All movies on which I can work as freely as possible so that I can contribute on as many aspects as possible: matte painting, projections, modeling, lighting and more, like we did on The Hunger Games city.

The movie I had the most fun working on was probably Silent Hill. Firstly, it's a horror movie so it's fun by nature. I was given two gory shots and was simply told to do something bloody. I really enjoyed using all the available tools to make it as nightmarish as possible, especially the shot with Pyramid Head who twists his victim's skin to pull it

off. For the final quartering, I even modeled the heart, stomach and the intestines falling down as two separate parts, but motion blur and blood spatter hide most of it.

All types of projects are interesting in their own way. I really liked working on The A-Team. I loved watching the TV series when I was younger and the sequence in the clouds we worked on was really faithful to the spirit of the TV series. We had to cover a very huge area and this type of environment is very pleasant to work on.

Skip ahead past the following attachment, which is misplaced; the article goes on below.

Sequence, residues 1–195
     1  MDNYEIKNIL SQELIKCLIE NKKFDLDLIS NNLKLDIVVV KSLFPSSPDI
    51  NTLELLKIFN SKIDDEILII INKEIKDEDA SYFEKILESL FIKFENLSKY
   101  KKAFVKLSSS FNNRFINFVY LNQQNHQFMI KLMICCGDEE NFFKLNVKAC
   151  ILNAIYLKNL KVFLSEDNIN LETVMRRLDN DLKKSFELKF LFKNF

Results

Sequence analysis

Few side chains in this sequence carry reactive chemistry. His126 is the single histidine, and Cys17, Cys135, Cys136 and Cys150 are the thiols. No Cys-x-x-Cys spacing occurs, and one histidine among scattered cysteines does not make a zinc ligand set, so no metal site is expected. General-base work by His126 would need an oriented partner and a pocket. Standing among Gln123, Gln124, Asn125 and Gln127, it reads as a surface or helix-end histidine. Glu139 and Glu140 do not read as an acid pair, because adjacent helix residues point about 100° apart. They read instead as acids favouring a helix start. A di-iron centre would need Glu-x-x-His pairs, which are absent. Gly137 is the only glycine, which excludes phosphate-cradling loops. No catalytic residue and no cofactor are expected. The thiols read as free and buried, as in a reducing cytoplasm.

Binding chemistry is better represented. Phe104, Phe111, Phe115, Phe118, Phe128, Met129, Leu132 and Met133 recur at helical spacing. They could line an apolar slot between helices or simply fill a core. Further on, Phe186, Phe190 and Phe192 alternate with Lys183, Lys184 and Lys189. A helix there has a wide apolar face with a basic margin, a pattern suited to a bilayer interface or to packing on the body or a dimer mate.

Finally, comedies like Night at the Museum 2 also provided a lot of freedom and let us use our imagination.

What do you feel have been the biggest advances in CG during your career so far?

Maybe the fact that CG animals are increasingly realistic and better integrated into their environments (all the latest kids movies involving talking animals are more and more hyper-realistic). Also fluid simulations are becoming more and more impressive.

I saw Avatar last year. I like to compare it to Final Fantasy: The Spirits Within (released in 2001) as they both synthesized the latest progress made in 3D computer graphics.

Many thanks for taking the time to talk to us today, Mikael.

Thanks a lot. It's been a real pleasure to answer your questions